6. Examples: My kid is smarter than your kid, I just ate a bologna sandwich, I need coffee, My [insert body part] hurts, look at these photos and be jealous of my exciting life, and hey! quit calling me a bitch/asshole… you bitch/asshole. Dirty laundry reeks so sweetly on FB.

7. Yes, I have a monopoly on correct behavior, however, I don’t assume to have any authority in forcing you to listen to me. You have free choice in reading this blog post or not.

8. Thanks Wikipedia and Zafirovski, Milan (2008), Modern Free Society and Its Nemesis: Democracy, economy, and conservatism, Lexington Books, p. 27, and Stenner, Karen (2005),The authoritarian dynamic, Cambridge University Press, p. 86.

9. Either the result of choice or because of life-threatening conditions to the mother.

10. Again I see no proof it is even a picture of an aborted fetus.

Sometimes Parental Love Is Meant To Hurt

It behooves a father to be blameless if he expects his child to be.  ~Homer

Today is my third favorite religious holiday (behind Labor Day and Halloween).1 Today2 is a perfect time to talk about love. There are five types of love:

– Eros (ἔρως érōs) is passionate love, with sensual desire and longing. The Modern Greek word “erotas” means “(romantic) love”. However, eros does not have to be sexual in nature.

– Philia (φιλία philía), which means friendship in modern Greek, a dispassionate virtuous love, was a concept developed by Aristotle. It includes loyalty to friends, family, and community, and requires virtue, equality and familiarity.

– Agapē (ἀγάπη agápē) means “love” in modern-day Greek, such as in the term s’agapo (Σ’αγαπώ), which means”I love you”. In Ancient Greek it often refers to a general affection rather than the attraction suggested by “eros”; agape is used in ancient texts to denote feelings for a good meal, one’s children, and the feelings for a spouse.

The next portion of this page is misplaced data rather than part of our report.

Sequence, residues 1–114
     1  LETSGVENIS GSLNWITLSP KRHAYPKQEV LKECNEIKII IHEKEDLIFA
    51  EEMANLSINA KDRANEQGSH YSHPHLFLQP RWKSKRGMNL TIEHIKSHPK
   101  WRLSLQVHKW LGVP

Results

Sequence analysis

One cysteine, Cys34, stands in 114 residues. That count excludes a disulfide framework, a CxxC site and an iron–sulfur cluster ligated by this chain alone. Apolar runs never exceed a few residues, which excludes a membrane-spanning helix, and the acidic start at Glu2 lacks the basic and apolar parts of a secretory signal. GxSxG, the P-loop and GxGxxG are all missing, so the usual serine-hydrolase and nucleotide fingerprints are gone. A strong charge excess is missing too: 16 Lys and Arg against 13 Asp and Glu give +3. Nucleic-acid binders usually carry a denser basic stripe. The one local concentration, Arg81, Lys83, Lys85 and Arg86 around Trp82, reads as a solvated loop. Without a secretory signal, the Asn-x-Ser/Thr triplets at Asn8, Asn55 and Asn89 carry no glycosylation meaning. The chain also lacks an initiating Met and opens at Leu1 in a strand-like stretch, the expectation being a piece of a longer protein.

– Storge (στοργή storgē) means “affection” in modern Greek; it is natural affection, like that felt by parents for offspring. Rarely used in ancient works, and then almost exclusively as a descriptor of relationships within the family.

– Thelema (θέλημα thélēma) means “desire” in modern Greek; it is the desire to do something, to be occupied, to be in prominence.

I want to focus on Storge (στοργή storgē) and how parents “love” their children. Specifically, I want to focus on parental love through discipline. Aish.com, which is a Jewish content website, describes “discipline” as thus:

Discipline is a process of setting limits on our children’s behavior and enforcing those limits in a loving and consistent way. It is a way of letting children know there are rules that need to be followed and ways of correct behavior that need to be learned. Discipline also teaches our children to accept authority.

This acceptance of authority is the important part, especially if you contemplate the role the governments’ and law enforcements’ response to the Occupy movement recently. The authorities want the Occupy protestors to know that repressive responses to protests are a sign of their love, and the discipline shown by law enforcement is a sign of this love.

This parental love, as expressed by the authorities and law enforcement, has gone viral with the following picture: